Facebook R&B crooner Mario has been relatively quiet on the music front for…
- Posted on Sep 8th 2009 1:30PM by Marty Flanagan
Homeless and troubled, 16-year-old Care Failure, mastermind behind sleaze band Die Mannequin, floated between "seven bands at once" while maintaining a serious drug problem and sleeping in a tent. She appeared to be out of options, but after a standout audition with EMI and a trip to rehab, the process of nurturing her considerable talents began. What followed is a slice of Toronto indie lore, with acts from MSTRKRFT to Billy Talent getting involved, and grooming Care to be the rock star she seems destined to be. Care, now 22, is ready for her coming-out party with the release of her band's first studio album, 'Fino+Bleed,' today. In the calm before the storm, she chatted with Spinner about picking producers, stolen laptops and how rock shows are like games of follow the leader.
How do you feel about the release of 'Fino+Bleed'?
I'm feeling good about it. We did a show at a radio station and the box of CDs showed up, so it was cool to be able to actually hold one. I do all the art and everything, but it's cool so see it all together.
How long have you been working on the album?
Well, they could have given me a lot more time. We started recording in November, but there were a lot of breaks in between for our wonderful producer Matt Hyde. First there was Christmas break, and then he's working with this Finnish band, so we split it up into different sessions. All together, it probably took a month and a bit. To actually write the record they gave me a month. It was crazy, especially because with an artist's first record, you don't get a second chance.
In the past you've written all your own songs, and you even played all the instruments on your 2006's 'How to Kill.' How collaborative was the process this time around?
Well, Anthony [Bleed, bass/vocals] is a great writer and we wanted to collaborate on so much for this record and just didn't have the time. Then my laptop got stolen with all these ideas. We had two weeks left to write the record and I went on a trip to New York. It was just more of an organic thing. I hate the word "jam," but I guess I jammed with some writers that are good people and that I respect.
But you still wrote all the songs?
Yeah. It's weird, actually. I shouldn't do that anymore. Any time I show up to writing sessions with anyone, they're like, "You actually write all the songs? Why are we here? We're just stealing your percentages." But it's a good way to learn my craft, working with other people. I learn a lot of things that make me a better songwriter.
You mentioned Matt Hyde (Slayer, Hatebreed, Porno for Pyros), who did the production on this record. How did that happen?
We started with a big old list of producers. I'm sure Bing Crosby was on that list, and Butch Vig, and all different sorts. It got down to three producers. You get on the phone and you get a vibe off of them. Me and Matt are crazy similar in the way we record, and just as people, so I just kind of went by instinct. I'm so happy I picked him. He's just one of those guys who cares so much. And especially being a producer these days, when years ago producers were getting paid triple what they are now because of the industry, and for him to still go the miles and do all the extra s--- he does, not a lot of people do that. Usually producers have to gain the artist's trust, and in his case he's like, "I have to learn how to trust you and let you just run." It was really cool that he understood that.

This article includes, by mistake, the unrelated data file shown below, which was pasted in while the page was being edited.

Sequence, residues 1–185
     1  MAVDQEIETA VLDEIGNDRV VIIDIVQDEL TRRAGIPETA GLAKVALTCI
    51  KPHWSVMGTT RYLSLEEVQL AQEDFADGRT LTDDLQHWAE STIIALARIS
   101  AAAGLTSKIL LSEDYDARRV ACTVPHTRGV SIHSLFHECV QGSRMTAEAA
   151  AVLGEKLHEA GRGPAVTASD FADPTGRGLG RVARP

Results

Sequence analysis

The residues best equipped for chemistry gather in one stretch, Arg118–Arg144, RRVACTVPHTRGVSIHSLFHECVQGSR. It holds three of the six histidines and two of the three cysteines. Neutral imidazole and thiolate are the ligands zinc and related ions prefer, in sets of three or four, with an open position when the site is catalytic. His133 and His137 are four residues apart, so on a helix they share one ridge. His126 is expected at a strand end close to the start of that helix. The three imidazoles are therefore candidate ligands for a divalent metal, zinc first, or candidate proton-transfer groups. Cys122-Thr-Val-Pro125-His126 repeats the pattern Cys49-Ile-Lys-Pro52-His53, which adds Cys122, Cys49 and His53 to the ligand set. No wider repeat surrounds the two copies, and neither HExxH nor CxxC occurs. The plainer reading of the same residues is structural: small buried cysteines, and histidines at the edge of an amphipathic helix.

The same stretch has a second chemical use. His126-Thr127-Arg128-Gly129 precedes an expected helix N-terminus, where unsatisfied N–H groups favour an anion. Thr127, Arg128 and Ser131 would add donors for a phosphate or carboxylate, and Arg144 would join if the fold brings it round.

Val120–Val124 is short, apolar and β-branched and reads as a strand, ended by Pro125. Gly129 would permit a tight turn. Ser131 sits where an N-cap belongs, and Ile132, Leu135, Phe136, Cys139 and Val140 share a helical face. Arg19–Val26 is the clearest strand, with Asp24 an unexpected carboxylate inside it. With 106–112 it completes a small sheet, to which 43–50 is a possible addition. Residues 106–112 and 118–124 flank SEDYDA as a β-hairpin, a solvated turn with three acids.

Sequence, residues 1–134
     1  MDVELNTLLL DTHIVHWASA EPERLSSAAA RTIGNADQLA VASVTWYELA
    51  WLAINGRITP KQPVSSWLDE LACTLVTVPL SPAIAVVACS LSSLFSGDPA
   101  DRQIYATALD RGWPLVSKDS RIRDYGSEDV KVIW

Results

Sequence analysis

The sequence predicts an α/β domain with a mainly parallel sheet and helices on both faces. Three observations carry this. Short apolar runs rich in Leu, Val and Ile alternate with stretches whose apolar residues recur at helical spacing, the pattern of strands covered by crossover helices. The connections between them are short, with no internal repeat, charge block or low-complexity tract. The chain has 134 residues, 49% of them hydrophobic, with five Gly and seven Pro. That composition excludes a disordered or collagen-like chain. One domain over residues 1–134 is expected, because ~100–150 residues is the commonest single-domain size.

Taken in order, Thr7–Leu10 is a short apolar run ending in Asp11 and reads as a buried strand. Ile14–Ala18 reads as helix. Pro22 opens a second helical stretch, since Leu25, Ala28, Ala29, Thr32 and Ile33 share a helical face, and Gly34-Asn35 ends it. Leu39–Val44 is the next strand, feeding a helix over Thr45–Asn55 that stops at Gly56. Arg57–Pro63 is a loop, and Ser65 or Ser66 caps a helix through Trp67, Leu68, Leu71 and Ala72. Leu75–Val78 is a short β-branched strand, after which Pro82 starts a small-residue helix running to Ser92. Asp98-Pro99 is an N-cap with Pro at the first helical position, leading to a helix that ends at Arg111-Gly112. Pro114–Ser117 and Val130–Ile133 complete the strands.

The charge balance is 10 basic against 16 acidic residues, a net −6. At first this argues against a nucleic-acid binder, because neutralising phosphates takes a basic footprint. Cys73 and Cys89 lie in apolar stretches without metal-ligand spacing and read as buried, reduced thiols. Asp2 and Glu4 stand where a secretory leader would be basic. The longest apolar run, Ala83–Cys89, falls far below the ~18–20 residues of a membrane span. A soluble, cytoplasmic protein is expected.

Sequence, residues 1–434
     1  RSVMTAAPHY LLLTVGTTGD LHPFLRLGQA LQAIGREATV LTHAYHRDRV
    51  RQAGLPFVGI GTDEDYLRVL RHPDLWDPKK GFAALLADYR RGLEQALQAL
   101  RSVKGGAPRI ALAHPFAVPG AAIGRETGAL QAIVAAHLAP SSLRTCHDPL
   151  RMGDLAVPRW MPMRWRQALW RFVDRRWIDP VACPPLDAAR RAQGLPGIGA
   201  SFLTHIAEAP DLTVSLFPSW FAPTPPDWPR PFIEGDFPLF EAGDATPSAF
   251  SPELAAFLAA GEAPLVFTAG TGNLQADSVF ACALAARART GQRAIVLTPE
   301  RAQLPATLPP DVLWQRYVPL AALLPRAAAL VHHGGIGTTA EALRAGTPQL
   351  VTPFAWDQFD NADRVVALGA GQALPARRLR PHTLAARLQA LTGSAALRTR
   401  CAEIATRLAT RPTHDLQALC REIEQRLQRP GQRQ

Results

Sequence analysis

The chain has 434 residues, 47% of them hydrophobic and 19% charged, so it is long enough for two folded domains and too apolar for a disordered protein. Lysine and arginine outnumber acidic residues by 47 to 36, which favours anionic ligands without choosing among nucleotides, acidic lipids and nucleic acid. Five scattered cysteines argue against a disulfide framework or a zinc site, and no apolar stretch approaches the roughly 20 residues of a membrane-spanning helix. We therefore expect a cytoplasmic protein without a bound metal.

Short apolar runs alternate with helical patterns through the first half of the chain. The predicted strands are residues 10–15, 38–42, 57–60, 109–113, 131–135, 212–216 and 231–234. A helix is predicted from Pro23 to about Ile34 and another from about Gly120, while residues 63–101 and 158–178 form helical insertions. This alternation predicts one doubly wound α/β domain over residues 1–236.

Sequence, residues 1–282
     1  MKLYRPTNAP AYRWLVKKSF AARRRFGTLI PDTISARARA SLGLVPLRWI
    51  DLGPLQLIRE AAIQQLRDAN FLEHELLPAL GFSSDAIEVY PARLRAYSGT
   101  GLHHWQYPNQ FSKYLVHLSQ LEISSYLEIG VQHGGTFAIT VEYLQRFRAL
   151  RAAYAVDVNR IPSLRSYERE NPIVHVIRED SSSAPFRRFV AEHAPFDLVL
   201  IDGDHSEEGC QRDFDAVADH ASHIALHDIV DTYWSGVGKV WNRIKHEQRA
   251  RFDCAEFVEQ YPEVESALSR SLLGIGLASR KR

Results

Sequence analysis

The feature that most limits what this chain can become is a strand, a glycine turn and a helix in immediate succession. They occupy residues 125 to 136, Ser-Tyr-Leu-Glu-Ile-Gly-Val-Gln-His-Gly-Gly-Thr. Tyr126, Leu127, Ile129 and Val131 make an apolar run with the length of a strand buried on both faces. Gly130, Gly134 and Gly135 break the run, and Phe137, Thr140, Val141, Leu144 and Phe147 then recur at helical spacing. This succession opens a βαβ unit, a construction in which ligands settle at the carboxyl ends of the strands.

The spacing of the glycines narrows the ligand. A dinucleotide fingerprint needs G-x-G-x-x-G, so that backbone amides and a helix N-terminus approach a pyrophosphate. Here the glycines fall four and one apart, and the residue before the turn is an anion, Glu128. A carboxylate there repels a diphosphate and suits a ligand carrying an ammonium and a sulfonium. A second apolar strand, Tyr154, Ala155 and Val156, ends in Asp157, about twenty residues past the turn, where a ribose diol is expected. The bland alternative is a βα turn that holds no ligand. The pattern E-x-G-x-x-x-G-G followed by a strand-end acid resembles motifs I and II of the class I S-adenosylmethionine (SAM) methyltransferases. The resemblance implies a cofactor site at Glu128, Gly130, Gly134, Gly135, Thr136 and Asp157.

You've lived a lot of life in the past six years. Where do you see yourself in another six?
Whether the whole sing-song thing works out for me or not, it's in my bones, so it's what I do. I'm just learning how to write better songs. It's a lot easier to go and work with other people's songs and material because it's not your own. You can step back and have a better eye of it. I love doing that, and I run a label, but generally I just hope there's a lot more happy times than tragedy.
I would think with the record coming out, things could be about to change for you considerably.
Hopefully. We'll see.
I understand that you're not a big fan of a lot of your contemporaries in the rock 'n roll universe. Is that fair to say?
I guess, yeah.
Who do you like out of the bands that are out there right now?
Queens of the Stone Age, Eagles of Death Metal, the Dead Weather. It's funny, the past couple years leading up to now have been a lot of s---, but in the last year or so, rock is getting a bit more real. And I think the kids are getting hip to it, too. I think they're looking for something a bit more real.
Care to comment on some of your least favourite artists out there?
I think we all are just trying to do what we love to do, so I'm not hating on anything, but it's mostly anything that's really bland. What really irks me is that I lost a lot of friends that I grew up introducing to Blonde Redhead and Sonic Youth. They start bands and then I have choruses in my songs, and they don't want to be friends with me anymore because I have choruses or something that's catchy in my songs. It's that whole indie-elitist attitude. It bores me. It's like music for boring people who are bored listening to it. You can't dance, you have to just stand there with your arms crossed and wait to see if other people are dancing. Then if it's cool, you'll dance too. It's like follow the f---ing leader, bah-bah black sheep s---. It's that attitude of pretending you have a scene when really it's a bunch of back-stabbers that are all jealous. That irks me more than the same songs you've heard way too many times on the radio.